An associate I placed once had a remarkable story. It was snowing, and he was holding a coffee for himself and another for his assistant. The person ahead of him neglected to hold the door for him – then turned to see that he was standing there, but kept walking. The galling fact? It was an associate he literally shared a wall with. They worked side by side, but had never spoken.

Encouraging interactions between associates will set them up for success and help them feel like they have an ally and give them more of a sense of belonging.

Some firms do a good job of setting up social events for all associates of a class year, making them into a cohort. Others focus on office-wide initiatives. Whatever a firm does to make their lawyers feel more connected to each other, the more loyal they seem to feel to the firm. It isn’t rocket science: If the firm works to facilitate relationships, associates will be less interested in leaving their friends than they will if they feel siloed.

Flexibility

The COVID-19 pandemic has been a game changer when it comes to people’s expectations of flexibility. Many associates made the decision to move over the past year to be closer to family or lessen their mortgage payment. In doing so, many have come to realize they are very successful working from their homes at the hours of their choosing. Rigidity is no longer well-received, especially in a world where we’ve all been working remotely. Yes, firms are conservative by nature, but those that allow associates to transfer between offices (or even practice groups) are awarded the cultural gold star. The firms that continue to rely heavily on a five-day-a-week facetime requirement will leak talent. Those that treat associates like adults who can manage their own work will win.

Hierarchy

The corner office—a symbol that you’ve truly made it. At one Bay Area-based firm, the corner office is a video game room. Associates and partners and administrative staff sit together in an open plan office, listening to and learning from each other. Offices are available on a hoteling basis for private calls or negotiations, but most of the work is done in the open. Literally sitting shoulder to shoulder doesn’t allow for anyone to be holier than thou. This firm is routinely cited as having one of the best, flattest, most inclusive and most mentor-rich cultures.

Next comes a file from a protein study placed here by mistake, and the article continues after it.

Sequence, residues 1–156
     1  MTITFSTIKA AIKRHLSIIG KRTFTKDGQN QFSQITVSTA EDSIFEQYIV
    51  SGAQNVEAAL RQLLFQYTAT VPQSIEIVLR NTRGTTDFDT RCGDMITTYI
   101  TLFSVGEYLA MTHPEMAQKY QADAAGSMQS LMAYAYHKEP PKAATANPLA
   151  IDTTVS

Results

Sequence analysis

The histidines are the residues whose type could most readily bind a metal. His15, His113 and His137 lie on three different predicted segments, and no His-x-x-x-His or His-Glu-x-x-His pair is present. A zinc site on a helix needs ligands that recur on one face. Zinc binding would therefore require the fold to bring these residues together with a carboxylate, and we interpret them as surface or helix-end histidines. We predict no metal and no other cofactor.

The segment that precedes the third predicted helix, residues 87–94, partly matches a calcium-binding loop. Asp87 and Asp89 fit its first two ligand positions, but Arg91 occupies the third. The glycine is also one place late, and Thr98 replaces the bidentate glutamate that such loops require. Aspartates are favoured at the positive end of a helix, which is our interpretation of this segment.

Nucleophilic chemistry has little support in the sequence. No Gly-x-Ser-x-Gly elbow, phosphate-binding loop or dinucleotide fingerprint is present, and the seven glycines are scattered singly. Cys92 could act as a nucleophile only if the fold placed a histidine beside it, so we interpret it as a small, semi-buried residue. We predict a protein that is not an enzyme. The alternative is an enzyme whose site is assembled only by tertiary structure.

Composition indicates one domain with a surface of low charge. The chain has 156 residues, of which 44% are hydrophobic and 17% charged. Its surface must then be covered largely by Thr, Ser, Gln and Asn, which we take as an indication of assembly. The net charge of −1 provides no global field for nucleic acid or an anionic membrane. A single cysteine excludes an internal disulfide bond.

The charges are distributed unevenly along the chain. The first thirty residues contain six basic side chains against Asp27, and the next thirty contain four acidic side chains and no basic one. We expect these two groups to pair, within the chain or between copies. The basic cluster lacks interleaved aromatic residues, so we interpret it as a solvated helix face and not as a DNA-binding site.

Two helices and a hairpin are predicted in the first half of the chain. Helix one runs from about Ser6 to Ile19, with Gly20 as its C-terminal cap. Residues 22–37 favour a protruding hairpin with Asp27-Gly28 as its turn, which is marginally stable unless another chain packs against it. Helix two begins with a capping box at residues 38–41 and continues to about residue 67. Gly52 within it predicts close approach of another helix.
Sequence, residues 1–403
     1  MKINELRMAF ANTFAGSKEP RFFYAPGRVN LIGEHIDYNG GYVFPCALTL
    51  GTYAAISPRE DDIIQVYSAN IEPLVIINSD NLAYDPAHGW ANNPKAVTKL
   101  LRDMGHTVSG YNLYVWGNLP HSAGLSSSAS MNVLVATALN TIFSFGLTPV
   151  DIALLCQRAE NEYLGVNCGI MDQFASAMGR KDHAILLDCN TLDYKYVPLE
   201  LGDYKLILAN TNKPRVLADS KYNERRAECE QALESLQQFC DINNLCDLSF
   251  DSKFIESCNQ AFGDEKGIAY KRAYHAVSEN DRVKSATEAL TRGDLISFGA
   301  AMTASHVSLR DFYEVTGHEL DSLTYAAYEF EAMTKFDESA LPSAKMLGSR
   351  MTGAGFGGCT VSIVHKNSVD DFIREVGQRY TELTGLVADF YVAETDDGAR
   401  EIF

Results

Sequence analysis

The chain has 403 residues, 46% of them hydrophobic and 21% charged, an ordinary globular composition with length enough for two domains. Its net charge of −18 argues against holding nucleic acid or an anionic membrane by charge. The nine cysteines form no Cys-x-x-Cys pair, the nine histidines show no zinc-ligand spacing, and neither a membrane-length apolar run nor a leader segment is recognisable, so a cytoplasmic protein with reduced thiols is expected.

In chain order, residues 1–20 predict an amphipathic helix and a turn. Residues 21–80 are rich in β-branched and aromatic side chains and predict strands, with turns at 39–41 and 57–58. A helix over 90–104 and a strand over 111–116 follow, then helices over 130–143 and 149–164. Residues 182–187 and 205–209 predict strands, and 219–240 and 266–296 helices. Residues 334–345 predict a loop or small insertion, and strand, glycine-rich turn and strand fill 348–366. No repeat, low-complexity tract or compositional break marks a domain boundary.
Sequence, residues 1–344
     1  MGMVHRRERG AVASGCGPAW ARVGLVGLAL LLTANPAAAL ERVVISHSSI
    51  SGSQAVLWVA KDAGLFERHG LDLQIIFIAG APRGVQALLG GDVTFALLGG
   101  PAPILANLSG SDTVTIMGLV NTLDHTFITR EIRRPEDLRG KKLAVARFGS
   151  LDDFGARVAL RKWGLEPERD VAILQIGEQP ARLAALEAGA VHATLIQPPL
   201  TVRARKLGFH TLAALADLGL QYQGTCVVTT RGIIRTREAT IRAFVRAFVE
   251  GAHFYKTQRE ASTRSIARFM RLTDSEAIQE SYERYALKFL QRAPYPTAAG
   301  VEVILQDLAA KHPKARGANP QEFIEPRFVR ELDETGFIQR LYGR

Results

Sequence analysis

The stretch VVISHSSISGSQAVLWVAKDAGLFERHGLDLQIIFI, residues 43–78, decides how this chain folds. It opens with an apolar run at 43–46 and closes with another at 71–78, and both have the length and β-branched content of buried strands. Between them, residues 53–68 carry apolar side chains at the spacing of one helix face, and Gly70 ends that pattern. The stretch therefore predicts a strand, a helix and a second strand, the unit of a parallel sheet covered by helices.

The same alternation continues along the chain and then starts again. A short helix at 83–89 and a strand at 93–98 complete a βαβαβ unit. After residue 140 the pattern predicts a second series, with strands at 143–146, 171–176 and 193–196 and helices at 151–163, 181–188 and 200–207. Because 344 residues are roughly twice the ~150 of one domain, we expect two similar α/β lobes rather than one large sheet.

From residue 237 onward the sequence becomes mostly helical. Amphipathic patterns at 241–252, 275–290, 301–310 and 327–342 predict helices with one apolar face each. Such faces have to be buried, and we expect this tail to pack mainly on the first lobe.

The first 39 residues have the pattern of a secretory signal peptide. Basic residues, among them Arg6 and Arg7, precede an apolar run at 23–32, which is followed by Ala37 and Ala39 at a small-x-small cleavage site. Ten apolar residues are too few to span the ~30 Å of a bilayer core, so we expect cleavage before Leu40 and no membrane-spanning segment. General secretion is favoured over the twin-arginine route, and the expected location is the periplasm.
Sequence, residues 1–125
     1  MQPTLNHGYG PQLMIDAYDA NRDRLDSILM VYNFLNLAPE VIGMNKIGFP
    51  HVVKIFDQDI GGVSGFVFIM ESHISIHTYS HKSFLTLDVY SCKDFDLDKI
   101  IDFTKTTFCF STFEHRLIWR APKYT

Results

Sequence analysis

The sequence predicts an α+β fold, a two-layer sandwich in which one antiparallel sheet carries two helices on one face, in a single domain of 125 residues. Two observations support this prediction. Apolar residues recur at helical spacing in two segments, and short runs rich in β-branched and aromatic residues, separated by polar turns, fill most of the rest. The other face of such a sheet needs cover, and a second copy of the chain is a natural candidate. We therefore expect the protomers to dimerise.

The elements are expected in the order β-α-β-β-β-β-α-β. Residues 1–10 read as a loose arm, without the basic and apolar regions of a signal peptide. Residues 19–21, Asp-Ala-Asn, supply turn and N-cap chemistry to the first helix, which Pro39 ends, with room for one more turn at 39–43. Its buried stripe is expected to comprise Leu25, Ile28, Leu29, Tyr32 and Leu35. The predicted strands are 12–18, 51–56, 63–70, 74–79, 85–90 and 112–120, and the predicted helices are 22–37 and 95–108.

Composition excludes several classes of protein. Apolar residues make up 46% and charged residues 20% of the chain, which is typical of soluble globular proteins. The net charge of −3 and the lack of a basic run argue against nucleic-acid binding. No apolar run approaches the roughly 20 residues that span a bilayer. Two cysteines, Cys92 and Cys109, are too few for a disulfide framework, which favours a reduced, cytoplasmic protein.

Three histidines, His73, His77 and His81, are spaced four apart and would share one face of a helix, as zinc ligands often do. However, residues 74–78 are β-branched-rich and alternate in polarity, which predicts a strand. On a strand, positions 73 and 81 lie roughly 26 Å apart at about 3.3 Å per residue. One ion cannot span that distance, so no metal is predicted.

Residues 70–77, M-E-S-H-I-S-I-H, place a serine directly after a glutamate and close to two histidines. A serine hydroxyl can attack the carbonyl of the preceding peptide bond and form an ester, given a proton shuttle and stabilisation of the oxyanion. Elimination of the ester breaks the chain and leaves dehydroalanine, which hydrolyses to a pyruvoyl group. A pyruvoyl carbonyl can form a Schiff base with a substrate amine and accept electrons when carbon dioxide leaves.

Some people thrive in hierarchy, but most millennials don’t seem to. They want to be listened to and recognized for the ways in which they are experts. They want advancement to be based on merit, not tenure. They do not respond to anything that is lockstep. Law firms will never be a free-for-all, but steps away from rigid systems get rave reviews.

Is there a formula for a “good” or “happy” culture? No. Some of it is a secret sauce, and it can vary dramatically between offices. But some elements are consistent among the firms that associates complain most about, as well as the features they praise. Firms should recognize that the way they have always done things may not actually be the only way forward. A new generation of associates is telling us clearly what they want and need, and the old way of doing things may be falling out of fashion.